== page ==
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Hunt McKay Morisoli Vineyard Cabernet Sauvignon 2011
Critical AcclaimAll Vintages
It takes almost four years to develop a Napa Valley Cabernet from grapes in the vineyard to wine ready to sell. After finding the right vineyard for the grapes, in addition to numerous lunches, dinners and cups of coffee, they worked together on both the actual making of the wine and the operational fundamentals that go into running a business: Of primary importance is managing the growing customer list. They spend hours designing, choosing and ordering all the packaging elements for each vintage. They walk the vineyards, harvest the grapes, purchase and check all the barrels. In the background they update and renew all the required permits and licenses, maintain the website and pack and ship orders. The milestones of accomplishment and progress are compelling. Hunt McKay continues to be a labor of passion fueled by friendship, lots of hard work and ultimately a product that they are all so proud to be able to share with you.
They launched the brand as KaDieM, the phonetic spelling of their initials pronounced KDM. The logo, three wine glasses entwined, is a symbol of their friendship, the celebration of their families and a toast to their passionate endeavor to create remarkable wines from the Napa Valley.
After two highly rated and sold out vintages, they gained some unwanted attention from a very large, low end wine producer on the East Coast threatened by their success. With the foundation of their partnership focused on friendship, family and brilliant winemaking, the choice to change our brand KaDieM or face years fighting of litigation and expense was an easy one for us to make.
With the 2011 vintage, they are so excited to launch Hunt McKay, the combination of Karen and Danna's last names, Hunt McKay is the same great wine, made by their partner and winemaker Michael Trujillo from the same Morisoli Vineyard Rutherford Cabernet Sauvignon grapes under the exact standards upon which KaDieM Cellars was founded. You'll find the label, 3 entwined wine glasses and of course the wine to be exactly what you experienced under the 2009 and 2010 KaDieM label.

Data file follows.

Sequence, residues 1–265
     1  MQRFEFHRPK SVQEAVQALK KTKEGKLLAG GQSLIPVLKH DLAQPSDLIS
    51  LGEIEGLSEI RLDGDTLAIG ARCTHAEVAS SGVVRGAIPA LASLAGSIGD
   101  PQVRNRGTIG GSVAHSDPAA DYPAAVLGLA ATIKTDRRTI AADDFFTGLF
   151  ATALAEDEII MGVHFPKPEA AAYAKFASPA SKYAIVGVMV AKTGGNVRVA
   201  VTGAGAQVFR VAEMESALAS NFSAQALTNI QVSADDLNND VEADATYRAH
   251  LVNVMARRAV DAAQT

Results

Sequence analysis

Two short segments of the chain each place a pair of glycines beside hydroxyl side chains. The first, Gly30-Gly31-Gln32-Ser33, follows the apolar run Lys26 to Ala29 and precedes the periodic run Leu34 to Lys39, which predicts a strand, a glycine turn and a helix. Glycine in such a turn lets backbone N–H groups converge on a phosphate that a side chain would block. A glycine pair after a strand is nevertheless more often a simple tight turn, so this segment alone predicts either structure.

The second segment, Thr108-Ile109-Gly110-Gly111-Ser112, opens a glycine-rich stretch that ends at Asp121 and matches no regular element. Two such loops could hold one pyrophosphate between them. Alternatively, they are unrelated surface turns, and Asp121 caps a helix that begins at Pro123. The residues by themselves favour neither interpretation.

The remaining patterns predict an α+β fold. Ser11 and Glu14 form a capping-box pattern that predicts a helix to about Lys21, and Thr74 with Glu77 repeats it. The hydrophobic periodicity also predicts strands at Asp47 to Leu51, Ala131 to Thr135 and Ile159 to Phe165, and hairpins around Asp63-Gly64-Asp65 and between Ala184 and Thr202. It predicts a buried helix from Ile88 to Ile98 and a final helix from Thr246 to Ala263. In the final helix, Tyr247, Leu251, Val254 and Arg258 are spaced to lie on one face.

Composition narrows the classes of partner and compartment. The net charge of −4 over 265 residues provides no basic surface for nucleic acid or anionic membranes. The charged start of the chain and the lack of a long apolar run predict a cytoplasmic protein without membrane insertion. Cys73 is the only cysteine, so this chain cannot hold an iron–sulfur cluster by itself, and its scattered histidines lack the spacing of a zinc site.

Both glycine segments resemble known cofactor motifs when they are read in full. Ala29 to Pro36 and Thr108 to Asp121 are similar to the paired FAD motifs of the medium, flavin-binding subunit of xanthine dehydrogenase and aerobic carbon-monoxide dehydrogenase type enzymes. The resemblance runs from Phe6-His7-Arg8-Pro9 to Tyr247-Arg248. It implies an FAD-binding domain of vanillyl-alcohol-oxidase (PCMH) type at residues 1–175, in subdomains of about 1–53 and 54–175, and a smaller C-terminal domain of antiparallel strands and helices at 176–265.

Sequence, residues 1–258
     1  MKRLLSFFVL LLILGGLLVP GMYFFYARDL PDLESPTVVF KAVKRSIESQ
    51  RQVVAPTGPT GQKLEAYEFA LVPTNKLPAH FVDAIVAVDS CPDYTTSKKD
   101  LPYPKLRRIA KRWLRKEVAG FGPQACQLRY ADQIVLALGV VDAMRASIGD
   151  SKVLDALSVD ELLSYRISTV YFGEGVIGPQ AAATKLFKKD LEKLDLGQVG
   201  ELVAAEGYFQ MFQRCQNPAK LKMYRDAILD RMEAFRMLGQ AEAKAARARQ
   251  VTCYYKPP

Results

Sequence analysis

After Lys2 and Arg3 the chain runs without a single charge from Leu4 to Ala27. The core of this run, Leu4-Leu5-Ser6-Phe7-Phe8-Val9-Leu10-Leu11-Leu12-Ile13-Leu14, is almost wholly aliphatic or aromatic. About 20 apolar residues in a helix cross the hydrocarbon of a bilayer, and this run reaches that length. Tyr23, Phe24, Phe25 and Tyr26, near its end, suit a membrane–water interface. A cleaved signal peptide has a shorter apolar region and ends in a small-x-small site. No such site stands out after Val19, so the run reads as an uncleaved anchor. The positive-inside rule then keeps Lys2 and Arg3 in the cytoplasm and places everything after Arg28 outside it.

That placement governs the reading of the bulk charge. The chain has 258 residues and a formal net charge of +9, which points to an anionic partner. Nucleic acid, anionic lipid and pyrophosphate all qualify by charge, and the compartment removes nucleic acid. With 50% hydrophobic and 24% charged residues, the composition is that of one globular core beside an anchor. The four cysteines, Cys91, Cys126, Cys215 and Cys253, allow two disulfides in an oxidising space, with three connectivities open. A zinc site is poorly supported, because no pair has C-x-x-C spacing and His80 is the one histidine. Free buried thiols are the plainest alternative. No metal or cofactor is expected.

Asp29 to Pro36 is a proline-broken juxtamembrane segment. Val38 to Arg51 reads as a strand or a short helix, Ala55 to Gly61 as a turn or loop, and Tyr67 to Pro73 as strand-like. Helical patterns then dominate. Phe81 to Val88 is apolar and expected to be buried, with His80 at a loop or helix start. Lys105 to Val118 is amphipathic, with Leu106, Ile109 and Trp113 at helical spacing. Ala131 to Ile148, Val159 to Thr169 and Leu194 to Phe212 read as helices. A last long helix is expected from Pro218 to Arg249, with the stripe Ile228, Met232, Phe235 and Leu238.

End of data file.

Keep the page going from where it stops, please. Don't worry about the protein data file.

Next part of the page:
The Rutherford sub-region of Napa Valley centers on the town of Rutherford and covers some of Napa Valley’s finest vineyard real estate, spanning from the Mayacamas in the west, to the Vaca Mountains on the other side of the valley.
Inside of the Rutherford AVA, bordering the Mayacamas, is a stretch of uplands called the Rutherford Bench. (These bench lands technically run the length of Oakville as well). Mountain runoff creates deep, well-drained, alluvial soils on the bench, giving vine roots plenty of reason to permeate deep into the ground. The result is wine with great structure and complexity.
Rutherford Cabernet Sauvingons and Bordeaux Blends are recognized widely for their enticing fragrances of dusty earth and dried herbs, broad and juicy mid-palates and lush and fine-grained tannins. The sub-appellation claims some of the valley’s most prized vineyards today, namely Caymus, Rubicon and Beckstoffer Georges III.
It is also home to Napa’s most influential and historic personalities. Thomas Rutherford, responsible for the appellation's name, made serious investments here in grape growing and wine production between the years of 1850 to 1880. Gustave Niebaum purchased a large swath of land and completed his winery in 1887, calling it “Inglenook.” Today this remains the oldest bonded winery in California. Georges Latour founded Beaulieu Vineyard in 1900, making it the oldest continuous winery in the state. Latour also hired the famous enologist, André Tchelistcheff, a man credited for single-handedly defining the modern Napa winemaking style.
A noble variety bestowed with both power and concentration, Cabernet Sauvignon is now the world's most planted grape variety. Inherently high in tannins and acidity, the best bottlings of Cabernet can age beautifully, with the ability to last fifty years or more. Cabernet Sauvignon flourishes in temperate climates like Bordeaux's Medoc region and forms the base of the Medoc reds, which are typically mostly Cabernet with Merlot and smaller amounts of some combination of Cabernet Franc, Malbec and Petit Verdot. (Enjoying a great deal of success in various regions around the world, this blend is now globally referred to as a Bordeaux Blend.) Cabernet Sauvignon has enjoyed great success throughout the world, particularly in the Napa Valley, and is responsible for some of the world’s most prestigious and sought-after “cult” wines.
In the Glass
High in color, tannin and extract, Cabernet Sauvignon expresses notes of blackberry, cassis, plum, currant, spice and tobacco. In Bordeaux and elsewhere in the Old World you'll find the more earthy, tannic side of Cabernet, where it is typically blended to soften tannins and add complexity. In warmer regions like California Washington, Argentina, Chile and Australia, you can typically expect more ripe fruit flavors upfront.
Cabernet Sauvignon is right at home with rich, intense meat dishes—beef, lamb and venison, in particular—where its opulent fruit and decisive tannins make an equal match to the dense protein of the meat. With a mature Cabernet, opt for tender, slow-cooked meat dishes.
Despite the modern importance and ubiquity of Cabernet Sauvignon, it is actually a relatively young variety. In 1997, DNA profiling revealed the grape to be a spontaneous crossing of Cabernet Franc and Sauvignon Blanc which took place in 17th century southwestern France.